Travel in Canada

After being accepted by an institution for a program of study in Canada, student should apply for a student authorization at the nearest Canadian diplomatic mission. For expedient processing, it is recommended that applications be filed at least three months prior to the commencement of classes. For nationals of some countries such as India, visas are also required. Visas are issued at the same time as the student authorization. In order to apply for a student authorization, the following documents are required:

  • A valid passport
  • An original letter of acceptance from a university.
  • Evidence of adequate funds to cover tuition and living costs for the student, including return transportation.
    If applicable, a letter from student’s sponsor
  • A letter of reference from a dependable person in student’s community.
  • In some cases, a medical examination by a doctor designated by the Canadian government may be needed. The immigration officer will provide information on this requirement.
  • There is a processing charge of $125 (1999) for the student authorization. There is no fee for the visa when it is issued with a student authorization.

A personal interview with a visa officer may be required any documentation which might be useful as a demonstration of strong ties to country of origin may be of assistance at the interview.


Students may work on the campus of the publicly funded post-secondary institution at which they are enrolled on a full-time basis without an employment authorization.

Students may also apply for an employment authorization if: the employment is certified by the student’s educational institution as being an essential and integral part of student’s course of study, e.g. a cooperative program. If this is the case, students may apply for the employment authorization at the same time as the student authorization and there is no additional fee for the employment authorization in this case. This facility of employment authorization is also available to those who have completed a university program and wish to work for up to one year in employment related to their field of study.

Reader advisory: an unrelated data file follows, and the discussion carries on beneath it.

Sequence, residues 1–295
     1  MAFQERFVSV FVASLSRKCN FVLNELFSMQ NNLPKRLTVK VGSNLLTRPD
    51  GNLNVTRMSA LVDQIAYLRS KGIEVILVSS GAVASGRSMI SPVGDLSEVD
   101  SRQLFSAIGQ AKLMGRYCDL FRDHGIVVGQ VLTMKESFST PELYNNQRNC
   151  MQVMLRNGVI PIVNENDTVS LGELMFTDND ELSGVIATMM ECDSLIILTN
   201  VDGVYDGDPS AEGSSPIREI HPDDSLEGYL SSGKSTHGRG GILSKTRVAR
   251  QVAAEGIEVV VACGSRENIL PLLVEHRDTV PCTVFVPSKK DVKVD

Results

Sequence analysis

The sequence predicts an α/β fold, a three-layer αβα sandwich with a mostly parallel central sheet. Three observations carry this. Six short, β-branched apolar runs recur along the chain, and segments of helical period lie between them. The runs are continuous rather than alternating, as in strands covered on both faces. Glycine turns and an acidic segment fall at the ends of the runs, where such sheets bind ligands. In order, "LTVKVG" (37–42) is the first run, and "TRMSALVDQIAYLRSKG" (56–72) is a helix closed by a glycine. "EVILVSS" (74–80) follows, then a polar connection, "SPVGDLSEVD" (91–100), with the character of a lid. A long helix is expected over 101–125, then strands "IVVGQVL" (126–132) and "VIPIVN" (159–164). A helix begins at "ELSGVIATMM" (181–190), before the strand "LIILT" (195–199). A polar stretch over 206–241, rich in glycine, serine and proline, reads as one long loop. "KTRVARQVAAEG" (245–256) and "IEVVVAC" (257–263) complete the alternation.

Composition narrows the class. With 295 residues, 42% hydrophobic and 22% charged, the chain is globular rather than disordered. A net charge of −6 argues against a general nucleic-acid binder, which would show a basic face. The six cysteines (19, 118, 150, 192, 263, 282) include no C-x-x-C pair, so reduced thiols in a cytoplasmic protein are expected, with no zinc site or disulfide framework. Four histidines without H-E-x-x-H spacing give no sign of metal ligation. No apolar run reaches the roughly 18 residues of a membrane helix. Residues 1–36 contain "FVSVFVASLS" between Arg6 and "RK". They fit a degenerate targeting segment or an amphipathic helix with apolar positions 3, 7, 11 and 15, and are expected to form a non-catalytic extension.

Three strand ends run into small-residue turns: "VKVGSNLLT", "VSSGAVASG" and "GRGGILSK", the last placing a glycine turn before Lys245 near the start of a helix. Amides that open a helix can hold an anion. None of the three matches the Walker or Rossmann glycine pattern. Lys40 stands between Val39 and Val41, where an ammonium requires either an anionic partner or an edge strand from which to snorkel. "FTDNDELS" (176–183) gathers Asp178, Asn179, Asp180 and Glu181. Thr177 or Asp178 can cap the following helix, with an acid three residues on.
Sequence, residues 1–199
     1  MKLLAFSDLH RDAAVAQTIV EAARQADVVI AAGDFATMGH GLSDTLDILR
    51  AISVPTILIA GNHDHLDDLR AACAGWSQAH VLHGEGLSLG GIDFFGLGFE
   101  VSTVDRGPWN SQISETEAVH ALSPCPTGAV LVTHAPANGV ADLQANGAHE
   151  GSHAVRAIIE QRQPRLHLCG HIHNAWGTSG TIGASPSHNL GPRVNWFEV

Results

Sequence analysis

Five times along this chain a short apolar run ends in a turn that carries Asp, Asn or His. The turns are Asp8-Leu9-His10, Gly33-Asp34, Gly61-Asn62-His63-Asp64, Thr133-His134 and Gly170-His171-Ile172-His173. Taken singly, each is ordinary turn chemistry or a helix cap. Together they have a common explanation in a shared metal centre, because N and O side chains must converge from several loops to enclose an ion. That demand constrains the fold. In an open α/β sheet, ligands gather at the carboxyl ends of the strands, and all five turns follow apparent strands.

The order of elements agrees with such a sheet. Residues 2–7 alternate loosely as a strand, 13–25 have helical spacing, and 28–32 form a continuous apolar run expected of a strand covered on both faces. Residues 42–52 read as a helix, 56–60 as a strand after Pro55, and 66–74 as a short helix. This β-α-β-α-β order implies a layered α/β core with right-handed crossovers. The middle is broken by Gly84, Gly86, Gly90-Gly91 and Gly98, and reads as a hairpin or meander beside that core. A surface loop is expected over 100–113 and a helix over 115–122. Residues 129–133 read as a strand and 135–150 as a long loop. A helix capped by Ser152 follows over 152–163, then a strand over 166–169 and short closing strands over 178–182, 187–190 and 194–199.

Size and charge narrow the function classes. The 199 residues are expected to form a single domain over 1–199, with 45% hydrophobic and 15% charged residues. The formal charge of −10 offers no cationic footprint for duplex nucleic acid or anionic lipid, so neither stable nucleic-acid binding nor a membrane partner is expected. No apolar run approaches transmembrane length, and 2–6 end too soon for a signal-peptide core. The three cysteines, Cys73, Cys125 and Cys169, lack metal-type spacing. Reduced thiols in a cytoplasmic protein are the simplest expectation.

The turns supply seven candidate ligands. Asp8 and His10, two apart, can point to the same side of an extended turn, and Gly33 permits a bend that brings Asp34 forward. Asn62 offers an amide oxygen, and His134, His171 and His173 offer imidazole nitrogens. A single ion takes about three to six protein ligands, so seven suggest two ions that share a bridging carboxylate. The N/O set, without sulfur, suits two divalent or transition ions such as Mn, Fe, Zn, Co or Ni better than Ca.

Note: Spouses of full-time university students may apply for authorization to work anywhere, subject to medical requirements. In all cases it is necessary to obtain an employment authorization (work permit) from Citizenship and Immigration Canada (CIC) before taking any employment. If students work without an employment authorization, their student authorization will cease to be valid and they may be required to leave Canada. There is ONE exception. Students may work on the campus of the publicly funded post-secondary educational institution at which they are registered. Graduate or research work completed at facilities associated with the institution, such as hospitals, meet the definition of on-campus, and an employment authorization is NOT required, provided that the student authorization bears no term or condition which prohibits such employment.


Graduate student fees vary greatly depending on the program and province of study. Most provinces charge higher fees for international students (known as differential fees), and some offer a limited number of exemptions from the higher fees.
Living costs:

Students must meet the costs of study and living in Canada. Citizenship and Immigration Canada requires proof that the student has sufficient money available. If the institution provides a cost of living estimate, the immigration officer will generally follow it. In the absence of a cost of living estimate, the immigration officer will require evidence of $10,000 to cover 12 months living expenses for a single student. An additional $4,000 will be required for a spouse and an additional $3,000 for each dependent, to cover 12 months living expenses. This amount includes food, accommodation, transportation, medical insurance, books, clothing and sundries. Tuition and other student fees are not included in this amount. These are minimum estimates.
Students from warmer climates must expect to spend a considerable amount of money in the first few months on winter wear such as coats, boots, sweaters and gloves. On the campus most students dress informally.
Medical expenses:

It is imperative that every student and dependent obtain medical and hospital insurance, as health care in Canada is expensive. Public medical and health insurance plans are administered independently by each province, and some private or supplementary plans are available. Some universities and colleges require compulsory health insurance coverage. It is not possible to arrange for coverage in advance, but it should be secured within the first week after arrival. Please note that even if provincial coverage is available free of charge to international students, the students must nevertheless register with the provincial health coverage authority to ensure coverage.

Some financial assistance is provided by Canadian universities for international graduate students. Competition is keen, and application must be made along with the application for admission to graduate school. Some provincial governments reserve a portion of their graduate scholarships for international students. Inquiries about scholarships should be made one year before planned enrollment. In general, Canadian universities do not award scholarships to international students for undergraduate study.

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